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I've been reading about energy conservation and radiosity from the perspective of computer graphics. The basic idea is simple enough: For all possible incoming light directions $\vec{l}$ and view directions $\vec{v}$ $\text{f}$ ($\vec{l}$, $\vec{v}$) should always be less than or equal to 1, where $\textbf{f}$ is the bidirectional reflectance distribution function (defines how light reflects off of a surface).

What I do not understand at all is how this is expressed mathematically. For example, Figure 3 on Page 12 of this presentation: http://blog.selfshadow.com/publications/s2012-shading-course/hoffman/s2012_pbs_physics_math_notes.pdf

$$ \forall \vec{l},\int_\Omega f(\vec{l}, \vec{v})(\vec{n} \cdot \vec{v})d\omega_o \leq 1 $$

First, I'm not clear on the notation. I think $\Omega$ indicates I should be taking the integral over a surface (in this case, a hemisphere) but I can't begin to actually solve it (or even input it into Mathematica). I have seen it written as a double integral using polar coordinates, which looks a little less mysterious though: http://www.rorydriscoll.com/2009/01/25/energy-conservation-in-games/. Perhaps they're equivalent?

But, more importantly, I'm lacking the intuition to see how any integral would be able to show what this one purports to show. I'm used to thinking of the integral as area or volume and I'm failing to see how that relates to anything in this case. Appreciate any insight.

[edit] Paul Sinclair answered the second half of my question quite well but I'd still like to know how one might go about solving the given integral. I could give $\text{f}$ a definition but there's never going to be a $\omega$ anywhere in the integrand. Nor have I ever seen an integral that involves vectors. Is this some kind of math-pseudo code? Am I just expected to, for example, know that I should rewrite the problem in terms of polar coordinates, similar to what was done in the second link above? Replacing dot products with cosine terms? This isn't something I can just punch into mathematica, right?

Apologies for the scattered questions. I assure you I have spent time trying to answer them on my own, but I still feel like I'm somewhere far from the calculus 1-3 track I was somewhat familiar with. And so I'm not quite sure how to get from where I am to being able to understand everything I'd like to. Especially when notation/convention tends to vary depending on source. Even some search phrases would be extremely helpful.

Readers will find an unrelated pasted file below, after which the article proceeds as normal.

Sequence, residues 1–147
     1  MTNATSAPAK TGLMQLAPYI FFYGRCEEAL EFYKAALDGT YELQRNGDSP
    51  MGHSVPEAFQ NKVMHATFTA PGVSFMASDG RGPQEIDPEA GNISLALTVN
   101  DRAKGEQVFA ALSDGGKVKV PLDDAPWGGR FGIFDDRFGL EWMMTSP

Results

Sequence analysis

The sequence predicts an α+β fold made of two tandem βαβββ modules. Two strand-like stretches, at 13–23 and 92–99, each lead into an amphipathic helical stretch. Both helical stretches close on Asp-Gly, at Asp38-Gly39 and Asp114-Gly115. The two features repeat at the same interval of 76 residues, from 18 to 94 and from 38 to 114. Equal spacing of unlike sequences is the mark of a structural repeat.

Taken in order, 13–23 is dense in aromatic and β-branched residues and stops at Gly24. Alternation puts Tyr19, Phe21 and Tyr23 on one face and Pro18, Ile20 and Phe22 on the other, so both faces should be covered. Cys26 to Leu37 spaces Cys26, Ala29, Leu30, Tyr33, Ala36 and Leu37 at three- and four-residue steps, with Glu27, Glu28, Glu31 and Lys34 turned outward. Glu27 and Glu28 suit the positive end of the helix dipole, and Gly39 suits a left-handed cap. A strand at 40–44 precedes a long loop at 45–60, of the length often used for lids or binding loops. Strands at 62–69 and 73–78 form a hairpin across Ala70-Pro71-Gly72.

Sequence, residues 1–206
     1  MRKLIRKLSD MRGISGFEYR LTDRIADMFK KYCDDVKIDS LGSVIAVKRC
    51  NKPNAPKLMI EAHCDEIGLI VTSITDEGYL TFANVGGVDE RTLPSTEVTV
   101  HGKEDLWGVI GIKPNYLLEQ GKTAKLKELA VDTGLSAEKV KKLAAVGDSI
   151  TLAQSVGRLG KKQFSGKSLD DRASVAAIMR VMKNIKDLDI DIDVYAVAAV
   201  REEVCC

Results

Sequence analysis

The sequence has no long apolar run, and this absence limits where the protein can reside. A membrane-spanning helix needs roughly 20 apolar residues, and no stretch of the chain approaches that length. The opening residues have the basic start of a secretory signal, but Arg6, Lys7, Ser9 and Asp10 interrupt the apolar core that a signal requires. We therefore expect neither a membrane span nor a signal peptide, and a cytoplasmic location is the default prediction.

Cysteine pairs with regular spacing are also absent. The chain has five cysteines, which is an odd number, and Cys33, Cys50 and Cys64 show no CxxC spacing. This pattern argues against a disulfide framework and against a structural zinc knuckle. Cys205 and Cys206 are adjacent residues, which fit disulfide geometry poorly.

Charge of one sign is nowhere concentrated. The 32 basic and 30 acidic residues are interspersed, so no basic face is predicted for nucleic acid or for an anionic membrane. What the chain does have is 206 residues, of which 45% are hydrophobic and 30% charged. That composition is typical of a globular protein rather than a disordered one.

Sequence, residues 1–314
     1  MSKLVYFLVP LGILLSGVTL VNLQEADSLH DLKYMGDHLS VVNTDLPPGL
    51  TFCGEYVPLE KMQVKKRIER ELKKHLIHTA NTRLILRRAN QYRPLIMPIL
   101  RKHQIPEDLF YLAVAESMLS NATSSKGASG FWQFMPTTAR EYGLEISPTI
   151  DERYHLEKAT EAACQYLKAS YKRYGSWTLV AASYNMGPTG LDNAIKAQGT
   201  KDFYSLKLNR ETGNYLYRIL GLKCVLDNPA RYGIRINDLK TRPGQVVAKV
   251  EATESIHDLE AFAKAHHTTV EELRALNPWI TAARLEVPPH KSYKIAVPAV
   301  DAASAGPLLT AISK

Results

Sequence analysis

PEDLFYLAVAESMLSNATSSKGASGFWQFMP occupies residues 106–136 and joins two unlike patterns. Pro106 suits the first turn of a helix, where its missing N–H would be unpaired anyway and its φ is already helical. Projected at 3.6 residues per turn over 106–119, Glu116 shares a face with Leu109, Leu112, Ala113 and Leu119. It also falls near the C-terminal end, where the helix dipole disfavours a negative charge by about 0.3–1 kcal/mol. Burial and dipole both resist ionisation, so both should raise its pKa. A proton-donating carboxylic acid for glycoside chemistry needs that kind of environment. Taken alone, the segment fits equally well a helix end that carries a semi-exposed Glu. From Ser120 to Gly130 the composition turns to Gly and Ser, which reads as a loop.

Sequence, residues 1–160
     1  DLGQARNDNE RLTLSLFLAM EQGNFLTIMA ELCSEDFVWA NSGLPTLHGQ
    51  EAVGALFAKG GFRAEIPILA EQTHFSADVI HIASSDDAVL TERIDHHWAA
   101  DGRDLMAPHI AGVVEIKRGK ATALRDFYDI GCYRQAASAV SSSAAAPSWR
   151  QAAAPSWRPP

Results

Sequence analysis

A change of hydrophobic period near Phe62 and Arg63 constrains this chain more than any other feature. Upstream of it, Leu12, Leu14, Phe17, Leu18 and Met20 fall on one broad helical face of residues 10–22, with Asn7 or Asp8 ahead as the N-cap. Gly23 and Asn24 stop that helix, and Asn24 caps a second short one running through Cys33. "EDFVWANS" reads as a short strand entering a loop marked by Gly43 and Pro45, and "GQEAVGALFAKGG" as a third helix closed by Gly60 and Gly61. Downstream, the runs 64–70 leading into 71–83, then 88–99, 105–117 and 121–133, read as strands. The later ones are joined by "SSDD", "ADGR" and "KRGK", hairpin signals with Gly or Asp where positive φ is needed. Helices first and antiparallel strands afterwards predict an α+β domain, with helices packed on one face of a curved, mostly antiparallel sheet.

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Integration is more than just "area or volume". It is a sort of generalized sum. When you integrate a function, the result can be thought of as the sum of the function values over the region of integration.

I am going to have to base this on some guesses, as your link is far too fat for my connection. But yes, $\Omega$ is a surface, $\vec{n}$ represents the normal vector to the surface at the point $\vec{v}$ of integration and I am guessing that $\text{d}\omega_o$ is the differential of surface area (though that is a very odd notation for it). What the integral is saying is that if you sum up all the light that is reflected out in all directions from the point of reflection, that total amount of light is less than or equal to the amount of light shining onto the point. I.e, reflection does not increase the amount of light available.

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  • $\begingroup$ That is a much more general way to think of the integral, thank you. And given that, I think I can see how that would be the area under a curve. Evaluating the function over the entire region of integration just gives me the average "height" then? $\endgroup$ Sep 18, 2015 at 14:41
  • $\begingroup$ Actually, we define the average of the function to be the ratio of the integral over the region to the measure (length, area, volume, whatever) of the region. $\endgroup$ Sep 18, 2015 at 22:19

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